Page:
from sky. This point was not mentioned in report, an ambiguous statement
that said kites can be lauched in 4 knots I think it was, little did
anyone know this referred to launching from a boat or land with human
assistance, and not an unassisted water relaunch. Report makes no
mention of rider having face split in 2 during freestyle competition
(Vincent Tiger) as it was not considered serious (3 months recovery) –
The report does not refer specifically to kiteboard racing safety
records, of which incidentally there has been very little relative
activity in racing worldwide to be able to analyze it properly – simply
because kiteboard racing has been very niche with very few participants
|Report says kites flag out when releasing safety system (“kite will have no more power whatsoever”)||That is simply not the case for many riders riding various kite brands in current IKA/ISAF kiteboard racing. They are not safely flagged out onto one line, some use a suicide leash and rely on the high depower of the kite design! This makes the statement “kite will have no more power whatsoever” untrue.|
|“Although kiteboarding accidents still happen, they are rare.”||No they are not, they are far more common
than sailing accidents and far more likely to result in severe injuries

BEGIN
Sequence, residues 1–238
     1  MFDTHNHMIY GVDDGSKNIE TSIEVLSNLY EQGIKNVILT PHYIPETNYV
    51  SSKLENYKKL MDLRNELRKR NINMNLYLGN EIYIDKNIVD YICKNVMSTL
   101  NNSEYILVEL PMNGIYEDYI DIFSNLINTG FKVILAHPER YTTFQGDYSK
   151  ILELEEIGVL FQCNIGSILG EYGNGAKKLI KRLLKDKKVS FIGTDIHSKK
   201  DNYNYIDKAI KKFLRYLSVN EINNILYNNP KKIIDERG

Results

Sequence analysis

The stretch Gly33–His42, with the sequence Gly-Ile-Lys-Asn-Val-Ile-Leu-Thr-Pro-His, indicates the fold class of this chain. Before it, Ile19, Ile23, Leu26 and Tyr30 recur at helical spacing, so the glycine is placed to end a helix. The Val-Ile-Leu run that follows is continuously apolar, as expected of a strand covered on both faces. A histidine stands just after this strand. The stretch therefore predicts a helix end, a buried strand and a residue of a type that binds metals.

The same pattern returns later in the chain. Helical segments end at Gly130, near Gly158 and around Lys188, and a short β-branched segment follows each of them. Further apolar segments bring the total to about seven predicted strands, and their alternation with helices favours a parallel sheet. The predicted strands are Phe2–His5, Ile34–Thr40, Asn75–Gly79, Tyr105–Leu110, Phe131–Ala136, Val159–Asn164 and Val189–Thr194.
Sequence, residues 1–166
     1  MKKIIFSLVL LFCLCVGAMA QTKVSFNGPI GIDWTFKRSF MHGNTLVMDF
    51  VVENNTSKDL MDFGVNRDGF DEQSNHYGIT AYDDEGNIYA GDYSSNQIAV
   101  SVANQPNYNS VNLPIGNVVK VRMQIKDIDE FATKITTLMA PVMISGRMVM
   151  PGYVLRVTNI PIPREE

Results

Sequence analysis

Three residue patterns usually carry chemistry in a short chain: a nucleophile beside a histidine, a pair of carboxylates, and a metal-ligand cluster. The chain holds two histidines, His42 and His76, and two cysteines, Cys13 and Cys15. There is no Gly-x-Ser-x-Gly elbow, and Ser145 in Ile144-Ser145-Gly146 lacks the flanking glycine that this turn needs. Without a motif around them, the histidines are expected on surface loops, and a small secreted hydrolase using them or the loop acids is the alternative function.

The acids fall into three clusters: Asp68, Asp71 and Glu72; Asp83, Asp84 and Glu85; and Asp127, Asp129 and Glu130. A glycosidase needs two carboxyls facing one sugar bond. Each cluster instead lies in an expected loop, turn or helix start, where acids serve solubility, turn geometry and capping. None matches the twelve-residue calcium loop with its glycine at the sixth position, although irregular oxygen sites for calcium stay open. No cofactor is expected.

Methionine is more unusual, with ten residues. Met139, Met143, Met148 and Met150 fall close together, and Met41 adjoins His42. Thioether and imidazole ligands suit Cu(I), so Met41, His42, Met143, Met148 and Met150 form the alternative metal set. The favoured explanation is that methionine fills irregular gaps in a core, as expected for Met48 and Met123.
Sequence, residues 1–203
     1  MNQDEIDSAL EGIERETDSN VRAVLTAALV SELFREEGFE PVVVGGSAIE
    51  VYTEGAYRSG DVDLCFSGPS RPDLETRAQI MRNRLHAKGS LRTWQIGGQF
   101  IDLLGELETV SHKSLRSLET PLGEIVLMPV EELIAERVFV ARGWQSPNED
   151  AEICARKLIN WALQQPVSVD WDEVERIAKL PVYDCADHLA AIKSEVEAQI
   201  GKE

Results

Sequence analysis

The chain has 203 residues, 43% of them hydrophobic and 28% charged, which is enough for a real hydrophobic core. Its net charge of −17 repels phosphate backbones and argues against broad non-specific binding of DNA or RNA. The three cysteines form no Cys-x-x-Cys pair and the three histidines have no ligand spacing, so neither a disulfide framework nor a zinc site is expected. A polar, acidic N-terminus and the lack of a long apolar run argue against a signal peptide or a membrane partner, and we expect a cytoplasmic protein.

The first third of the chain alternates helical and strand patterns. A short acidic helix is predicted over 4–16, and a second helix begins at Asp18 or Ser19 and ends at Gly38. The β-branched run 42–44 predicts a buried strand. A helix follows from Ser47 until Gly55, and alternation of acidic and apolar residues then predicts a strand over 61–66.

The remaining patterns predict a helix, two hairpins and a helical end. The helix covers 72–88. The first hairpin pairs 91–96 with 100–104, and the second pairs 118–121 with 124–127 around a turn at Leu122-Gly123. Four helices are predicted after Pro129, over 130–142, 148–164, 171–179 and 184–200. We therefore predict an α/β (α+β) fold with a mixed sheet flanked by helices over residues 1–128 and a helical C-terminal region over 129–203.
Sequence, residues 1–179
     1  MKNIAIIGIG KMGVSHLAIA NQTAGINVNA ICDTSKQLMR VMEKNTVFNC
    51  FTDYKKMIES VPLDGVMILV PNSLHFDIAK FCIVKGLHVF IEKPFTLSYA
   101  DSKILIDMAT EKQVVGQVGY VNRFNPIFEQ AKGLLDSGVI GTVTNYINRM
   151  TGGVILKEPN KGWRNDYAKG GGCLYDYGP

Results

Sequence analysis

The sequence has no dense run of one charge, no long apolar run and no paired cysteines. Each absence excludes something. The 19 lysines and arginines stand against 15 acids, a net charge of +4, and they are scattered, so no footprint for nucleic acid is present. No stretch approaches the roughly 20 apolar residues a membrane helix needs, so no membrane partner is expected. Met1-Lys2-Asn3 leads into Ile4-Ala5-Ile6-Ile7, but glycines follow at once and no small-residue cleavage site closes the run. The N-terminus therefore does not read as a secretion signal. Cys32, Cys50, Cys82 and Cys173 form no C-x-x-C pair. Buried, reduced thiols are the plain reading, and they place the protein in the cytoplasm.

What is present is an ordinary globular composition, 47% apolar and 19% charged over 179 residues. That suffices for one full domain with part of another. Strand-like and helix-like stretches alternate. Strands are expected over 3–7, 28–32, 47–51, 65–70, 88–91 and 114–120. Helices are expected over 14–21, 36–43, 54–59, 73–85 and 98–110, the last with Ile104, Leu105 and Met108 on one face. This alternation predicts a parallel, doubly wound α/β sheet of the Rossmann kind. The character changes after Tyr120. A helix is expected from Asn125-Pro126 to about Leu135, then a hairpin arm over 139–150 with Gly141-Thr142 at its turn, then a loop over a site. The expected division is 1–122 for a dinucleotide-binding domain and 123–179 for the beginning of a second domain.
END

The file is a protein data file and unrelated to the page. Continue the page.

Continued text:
or death. Sure people get hit hard by gybing masts in sailing but
nothing of the scale of kite accidents. Analogies to other sports are
ridiculous (cars motorcross skiing..?!?!), kiteboarding is unique in
that it deals with both the erratic nature of the weather AND the fact
that a kite can throw a 100kg human 60ft through the air from an
accidental or deliberate mechanical movement of just 15cm on the bar/due
to tip wrap/bridle tangle/bar line half hitch/ kites tangled together.
Saw someone launch kite recently and due to bridle tip wrap tangle flew
30ft onto their head as kite deathlooped at launch – a bit late for a
safety system. They were out cold for 10 mins and injured.
|“It is no more dangerous than any other sport.”||That is just the most utterly stupid
statement and totally untrue. Kiteboarding while safer than is used to
be due to advancement in equipment design will always have the inherent
additional risks of the huge relative power kites can generate both at
ground level and more importantly upwards! Particularly at launch and
landing. These dangers are increased by the erratic nature of the